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In her youth she was beautiful. Her fine lines and graceful sheer, her lightly upturned head, the classic quarter galleries and restrained carvings gracing her 18th-century transom stern--all flowed together flawlessly in this magnificent creature of the sea. Her loft rig spread more sail than any European frigate. In fact, she and her two sisterships were larger in every way than their contemporaries. She is the USS Constitution--the oldest warship afloat anywhere in the world. This proud old warrior has seen--and participated in--virtually all our nation's history. She fought in four wars; circled the world as a symbol of American power; was commanded by the superstars of American naval history: Preble, Decatur, Bainbridge, Rodgers, Hull, Stewart, MacDonough. Constitution is the definitive American icon--older than the Washington Monument, Mount Rushmore, the White House.
But her age has been one of her greatest enemies, second only to bureaucratic indifference. The ship that rallied American in the second war of independence later found herself reduced to a floating classroom at Annapolis, and still later became a barracks for transient seamen. Theodore Roosevelt's Secretary of the Navy even recommended that she be towed to sea for gunnery practice. In 1830, rumors that she was to be scrapped prompted Oliver Wendell Holmes to write his epic poem, "Old Ironsides." The ensuing public clamor brought Constitution a complete overhaul. She was rescued by the public again in 1876 for the American Centennial, and given a cosmetic makeover in 1907. In 1927, she received an extensive restoration, funded in part by collections from school children.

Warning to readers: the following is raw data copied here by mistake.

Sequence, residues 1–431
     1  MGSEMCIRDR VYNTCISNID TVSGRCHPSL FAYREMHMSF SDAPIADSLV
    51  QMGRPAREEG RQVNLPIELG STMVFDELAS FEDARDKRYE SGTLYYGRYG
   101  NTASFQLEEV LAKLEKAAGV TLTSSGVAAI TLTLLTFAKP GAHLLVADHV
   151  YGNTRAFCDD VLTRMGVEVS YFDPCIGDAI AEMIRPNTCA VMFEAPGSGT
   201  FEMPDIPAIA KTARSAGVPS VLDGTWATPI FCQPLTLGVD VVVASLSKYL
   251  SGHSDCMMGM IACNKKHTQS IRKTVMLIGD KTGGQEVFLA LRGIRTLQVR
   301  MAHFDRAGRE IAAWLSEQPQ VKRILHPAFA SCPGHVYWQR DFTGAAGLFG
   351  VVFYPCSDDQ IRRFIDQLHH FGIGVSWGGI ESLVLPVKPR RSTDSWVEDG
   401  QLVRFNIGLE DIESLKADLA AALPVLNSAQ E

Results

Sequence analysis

Now, 200 years after her launching, this living link with our nation's beginnings is again preparing to sail.
Table of contents
AcknowledgmentsPreface1 The First U.S. Naval Establishment2 Constitution's Early Career3 Peace, Cruises, Idleness, and Neglect4 The State of the Surviving Frigate5 The Restoration QuestionEpilogue, 1997AppendicesI. Continuity of Aging: The Difference Between Restoration and DevelopmentII. Building Constitution: Materials and FacilitiesIII. Berth Deck--The Living QuartersIV. Wood for Ship's StructuresV. Constitution's Contemporary and Companion VesselsEndnotesSources and ReferencesIllustration CreditsIndex
Thomas C. Gillmer is uniquely qualified to write this book. He is the designer of the replica ships Pride of Baltimore, Pride of Baltimore II, Lady Maryland, Peggy Stewart, a Norse expeditionary ship circa 1000 AD. Former professor of naval architecture and chairman of naval engineering at the U.S. Naval Academy, and author of Naval Academy textbooks on naval architecture and ship design, Professor Gillmer was chosen by the Navy to conduct a structural study of Constitution, and to plan how she might be restored to her former glory. He is also one of the premier yacht designers of the age, and hundreds of his beautiful designs sail the world, including the Allied Seawing ketch. He lives on Spa Creek in Annapolis, Maryland.